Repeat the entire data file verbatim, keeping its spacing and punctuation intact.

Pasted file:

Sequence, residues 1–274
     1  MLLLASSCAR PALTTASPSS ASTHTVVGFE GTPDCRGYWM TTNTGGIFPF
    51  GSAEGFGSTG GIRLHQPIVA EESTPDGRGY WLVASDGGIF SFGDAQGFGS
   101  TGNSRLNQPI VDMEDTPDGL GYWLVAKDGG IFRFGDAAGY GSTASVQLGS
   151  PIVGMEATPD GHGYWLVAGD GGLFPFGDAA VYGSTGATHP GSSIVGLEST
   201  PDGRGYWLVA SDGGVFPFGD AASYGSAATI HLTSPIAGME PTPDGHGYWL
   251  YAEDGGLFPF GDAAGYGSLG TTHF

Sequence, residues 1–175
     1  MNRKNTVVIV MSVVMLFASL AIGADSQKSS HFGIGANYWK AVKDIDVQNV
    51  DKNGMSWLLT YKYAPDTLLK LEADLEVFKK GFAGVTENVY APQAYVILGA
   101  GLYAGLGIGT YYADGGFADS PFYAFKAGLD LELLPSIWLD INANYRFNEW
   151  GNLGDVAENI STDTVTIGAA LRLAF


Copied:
Sequence, residues 1–274
     1  MLLLASSCAR PALTTASPSS ASTHTVVGFE GTPDCRGYWM TTNTGGIFPF
    51  GSAEGFGSTG GIRLHQPIVA EESTPDGRGY WLVASDGGIF SFGDAQGFGS
   101  TGNSRLNQPI VDMEDTPDGL GYWLVAKDGG IFRFGDAAGY GSTASVQLGS
   151  PIVGMEATPD GHGYWLVAGD GGLFPFGDAA VYGSTGATHP GSSIVGLEST
   201  PDGRGYWLVA SDGGVFPFGD AASYGSAATI HLTSPIAGME PTPDGHGYWL
   251  YAEDGGLFPF GDAAGYGSLG TTHF

Sequence, residues 1–175
     1  MNRKNTVVIV MSVVMLFASL AIGADSQKSS HFGIGANYWK AVKDIDVQNV
    51  DKNGMSWLLT YKYAPDTLLK LEADLEVFKK GFAGVTENVY APQAYVILGA
   101  GLYAGLGIGT YYADGGFADS PFYAFKAGLD LELLPSIWLD INANYRFNEW
   151  GNLGDVAENI STDTVTIGAA LRLAF